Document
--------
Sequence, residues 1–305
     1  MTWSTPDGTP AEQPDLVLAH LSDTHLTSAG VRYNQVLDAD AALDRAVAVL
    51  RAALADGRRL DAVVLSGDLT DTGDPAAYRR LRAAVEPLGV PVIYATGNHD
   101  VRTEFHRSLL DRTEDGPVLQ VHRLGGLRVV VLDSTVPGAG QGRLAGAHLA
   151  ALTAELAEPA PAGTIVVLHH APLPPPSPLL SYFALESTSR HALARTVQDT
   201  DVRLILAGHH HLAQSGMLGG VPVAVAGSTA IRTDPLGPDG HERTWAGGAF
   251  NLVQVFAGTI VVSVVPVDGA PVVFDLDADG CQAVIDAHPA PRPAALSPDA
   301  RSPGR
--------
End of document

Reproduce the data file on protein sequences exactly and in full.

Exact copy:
Sequence, residues 1–305
     1  MTWSTPDGTP AEQPDLVLAH LSDTHLTSAG VRYNQVLDAD AALDRAVAVL
    51  RAALADGRRL DAVVLSGDLT DTGDPAAYRR LRAAVEPLGV PVIYATGNHD
   101  VRTEFHRSLL DRTEDGPVLQ VHRLGGLRVV VLDSTVPGAG QGRLAGAHLA
   151  ALTAELAEPA PAGTIVVLHH APLPPPSPLL SYFALESTSR HALARTVQDT
   201  DVRLILAGHH HLAQSGMLGG VPVAVAGSTA IRTDPLGPDG HERTWAGGAF
   251  NLVQVFAGTI VVSVVPVDGA PVVFDLDADG CQAVIDAHPA PRPAALSPDA
   301  RSPGR